• Some pocket money is available - we spent 200 Romanian lei (<50 EUR) in cash shopping for extra ingredients. That’s it, the rest of the funding was in kind (think small contributions like cooking tools brought from home, venue and electricity offered for free, gas to get to the venue etc).

  • Saturday afternoon time - people were available, they came and enjoyed working in the kitchen or just hang out as you’d usually do on weekends.

  • Appetite for food, drinks, conversation - we had 5 lovely courses including desserts (will just say: La Bonbonniere :P), a variety of locally sourced drinks and pretty diverse people, although mostly young.

Ingredients

We got hold of things like kiwis, lemons, green salad and baby spinach in too decent shape. Such good food is dumped every single day!

We’d love more people to join, run events or just wave, from here and from the Internet.

We’re thinking of hosting more intimate meals cooked from our own food surplus but for extended friends circles, then gradually expand so the new people coming in at every step are immersed in an already knowledgeable group. I have a hunch this favors deeper learning and behavior change. Another thing we’d like to do is move forward with Yello Fridge (community based, outdoor and public) an idea that only needs a neighborhood space to get started.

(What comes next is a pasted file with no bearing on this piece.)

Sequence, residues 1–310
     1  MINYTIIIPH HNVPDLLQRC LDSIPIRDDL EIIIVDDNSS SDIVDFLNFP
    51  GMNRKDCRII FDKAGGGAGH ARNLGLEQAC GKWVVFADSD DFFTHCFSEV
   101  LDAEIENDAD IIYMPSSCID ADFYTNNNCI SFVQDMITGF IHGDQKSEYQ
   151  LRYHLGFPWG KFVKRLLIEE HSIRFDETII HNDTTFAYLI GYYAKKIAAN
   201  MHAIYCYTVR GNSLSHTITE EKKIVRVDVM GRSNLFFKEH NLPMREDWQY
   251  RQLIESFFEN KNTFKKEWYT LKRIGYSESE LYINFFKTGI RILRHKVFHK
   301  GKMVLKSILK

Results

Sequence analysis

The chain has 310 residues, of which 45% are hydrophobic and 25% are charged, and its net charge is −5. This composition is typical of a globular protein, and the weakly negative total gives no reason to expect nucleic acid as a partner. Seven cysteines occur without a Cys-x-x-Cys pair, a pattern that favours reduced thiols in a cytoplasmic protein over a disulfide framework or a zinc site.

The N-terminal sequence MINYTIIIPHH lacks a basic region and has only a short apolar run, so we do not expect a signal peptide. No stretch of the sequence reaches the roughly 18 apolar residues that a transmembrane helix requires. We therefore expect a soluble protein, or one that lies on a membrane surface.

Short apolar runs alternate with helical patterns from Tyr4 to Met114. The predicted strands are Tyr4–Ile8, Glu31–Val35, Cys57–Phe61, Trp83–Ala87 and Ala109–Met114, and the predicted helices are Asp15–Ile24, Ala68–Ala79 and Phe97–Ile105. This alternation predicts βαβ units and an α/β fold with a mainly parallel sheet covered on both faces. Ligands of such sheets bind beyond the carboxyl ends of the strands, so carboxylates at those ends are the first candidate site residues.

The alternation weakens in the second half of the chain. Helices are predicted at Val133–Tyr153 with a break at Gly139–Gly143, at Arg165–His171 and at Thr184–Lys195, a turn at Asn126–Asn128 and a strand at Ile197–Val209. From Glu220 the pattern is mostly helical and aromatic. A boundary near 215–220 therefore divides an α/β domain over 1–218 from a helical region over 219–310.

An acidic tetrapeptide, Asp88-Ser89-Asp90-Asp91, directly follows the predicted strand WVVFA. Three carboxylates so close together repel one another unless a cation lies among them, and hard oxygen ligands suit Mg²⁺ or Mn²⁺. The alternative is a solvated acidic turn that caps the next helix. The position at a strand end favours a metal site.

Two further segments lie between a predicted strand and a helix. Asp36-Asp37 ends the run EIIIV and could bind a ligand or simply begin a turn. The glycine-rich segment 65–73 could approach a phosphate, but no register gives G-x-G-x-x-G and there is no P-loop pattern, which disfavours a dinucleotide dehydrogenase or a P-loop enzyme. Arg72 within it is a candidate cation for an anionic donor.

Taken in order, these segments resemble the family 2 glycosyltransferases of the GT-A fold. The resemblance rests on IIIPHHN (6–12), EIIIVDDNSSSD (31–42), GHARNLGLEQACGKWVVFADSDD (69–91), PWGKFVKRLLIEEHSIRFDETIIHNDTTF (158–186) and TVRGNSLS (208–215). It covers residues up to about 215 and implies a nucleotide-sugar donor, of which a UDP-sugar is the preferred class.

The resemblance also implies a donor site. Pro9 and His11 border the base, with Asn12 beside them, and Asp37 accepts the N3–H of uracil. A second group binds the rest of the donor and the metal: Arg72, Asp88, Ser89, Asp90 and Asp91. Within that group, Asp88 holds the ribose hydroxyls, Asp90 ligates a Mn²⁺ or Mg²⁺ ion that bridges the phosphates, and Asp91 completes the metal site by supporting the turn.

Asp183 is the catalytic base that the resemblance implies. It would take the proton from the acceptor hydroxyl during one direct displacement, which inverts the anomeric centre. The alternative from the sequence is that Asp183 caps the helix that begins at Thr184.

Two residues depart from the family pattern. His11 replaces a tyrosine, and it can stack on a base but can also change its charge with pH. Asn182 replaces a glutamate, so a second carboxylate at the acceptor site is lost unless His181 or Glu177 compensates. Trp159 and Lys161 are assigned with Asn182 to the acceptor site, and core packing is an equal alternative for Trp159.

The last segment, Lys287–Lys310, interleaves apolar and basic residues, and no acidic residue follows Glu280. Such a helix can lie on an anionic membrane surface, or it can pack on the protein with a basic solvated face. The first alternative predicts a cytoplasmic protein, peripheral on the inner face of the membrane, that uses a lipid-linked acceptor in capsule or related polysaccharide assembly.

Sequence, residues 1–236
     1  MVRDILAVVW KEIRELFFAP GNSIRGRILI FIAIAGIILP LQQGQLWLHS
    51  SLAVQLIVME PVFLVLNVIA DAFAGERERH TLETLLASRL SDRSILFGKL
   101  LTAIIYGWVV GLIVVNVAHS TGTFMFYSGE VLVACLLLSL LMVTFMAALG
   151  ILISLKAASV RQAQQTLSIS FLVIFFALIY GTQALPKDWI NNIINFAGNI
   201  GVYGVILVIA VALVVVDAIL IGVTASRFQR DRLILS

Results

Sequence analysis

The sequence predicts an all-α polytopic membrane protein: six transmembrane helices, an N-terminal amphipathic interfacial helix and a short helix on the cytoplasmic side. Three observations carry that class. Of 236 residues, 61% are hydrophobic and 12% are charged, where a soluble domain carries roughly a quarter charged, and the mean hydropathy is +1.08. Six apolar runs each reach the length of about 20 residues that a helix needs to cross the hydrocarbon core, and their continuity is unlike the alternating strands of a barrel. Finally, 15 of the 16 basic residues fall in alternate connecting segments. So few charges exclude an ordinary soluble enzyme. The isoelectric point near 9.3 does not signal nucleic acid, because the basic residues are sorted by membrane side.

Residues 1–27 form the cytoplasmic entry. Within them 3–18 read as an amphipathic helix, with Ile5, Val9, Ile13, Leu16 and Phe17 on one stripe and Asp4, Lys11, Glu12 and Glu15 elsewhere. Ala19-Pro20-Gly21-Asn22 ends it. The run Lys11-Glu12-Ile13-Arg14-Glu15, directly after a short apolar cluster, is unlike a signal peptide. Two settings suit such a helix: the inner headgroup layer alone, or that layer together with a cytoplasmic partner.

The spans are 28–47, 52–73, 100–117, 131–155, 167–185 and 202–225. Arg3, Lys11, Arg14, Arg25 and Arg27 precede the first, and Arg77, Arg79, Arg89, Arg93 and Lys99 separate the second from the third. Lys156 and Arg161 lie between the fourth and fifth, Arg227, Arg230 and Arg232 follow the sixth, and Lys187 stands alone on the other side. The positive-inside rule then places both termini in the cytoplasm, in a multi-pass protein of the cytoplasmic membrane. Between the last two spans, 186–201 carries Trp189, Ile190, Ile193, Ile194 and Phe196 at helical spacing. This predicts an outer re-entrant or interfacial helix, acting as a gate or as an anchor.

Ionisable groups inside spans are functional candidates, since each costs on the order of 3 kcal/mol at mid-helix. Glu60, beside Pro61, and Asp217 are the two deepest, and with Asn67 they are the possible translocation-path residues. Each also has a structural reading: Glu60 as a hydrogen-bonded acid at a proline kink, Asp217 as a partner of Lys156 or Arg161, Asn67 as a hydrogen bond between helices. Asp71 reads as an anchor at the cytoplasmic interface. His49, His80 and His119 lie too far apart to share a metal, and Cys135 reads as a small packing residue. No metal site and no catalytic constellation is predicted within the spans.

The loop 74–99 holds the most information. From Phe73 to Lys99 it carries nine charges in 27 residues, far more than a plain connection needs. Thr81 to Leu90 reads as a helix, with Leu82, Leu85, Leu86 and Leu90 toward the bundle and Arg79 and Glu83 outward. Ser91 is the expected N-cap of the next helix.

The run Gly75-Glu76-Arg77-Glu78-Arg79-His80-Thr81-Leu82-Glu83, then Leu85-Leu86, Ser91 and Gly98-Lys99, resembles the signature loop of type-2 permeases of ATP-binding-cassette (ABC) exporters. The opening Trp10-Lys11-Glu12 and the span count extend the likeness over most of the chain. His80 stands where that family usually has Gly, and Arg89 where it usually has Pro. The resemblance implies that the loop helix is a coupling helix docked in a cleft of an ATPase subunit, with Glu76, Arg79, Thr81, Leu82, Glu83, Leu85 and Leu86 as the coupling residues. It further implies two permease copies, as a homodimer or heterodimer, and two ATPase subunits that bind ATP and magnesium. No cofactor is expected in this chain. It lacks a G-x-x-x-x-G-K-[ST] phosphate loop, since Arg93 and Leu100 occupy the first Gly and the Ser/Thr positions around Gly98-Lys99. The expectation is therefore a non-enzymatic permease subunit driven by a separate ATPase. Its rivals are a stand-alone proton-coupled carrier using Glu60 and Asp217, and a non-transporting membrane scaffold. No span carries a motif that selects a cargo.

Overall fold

I’d also be curious to hear if you’ve participated in similar food related events. Do you have advice for how to run community dinners regularly and outstandingly?

Comments

Great work

Alberto's picture

Wow, excellent stuff! And, as a native of Emilia Romagna, I really want the "Praise the Lard" T-shirt the guy at the center of the photo is wearing.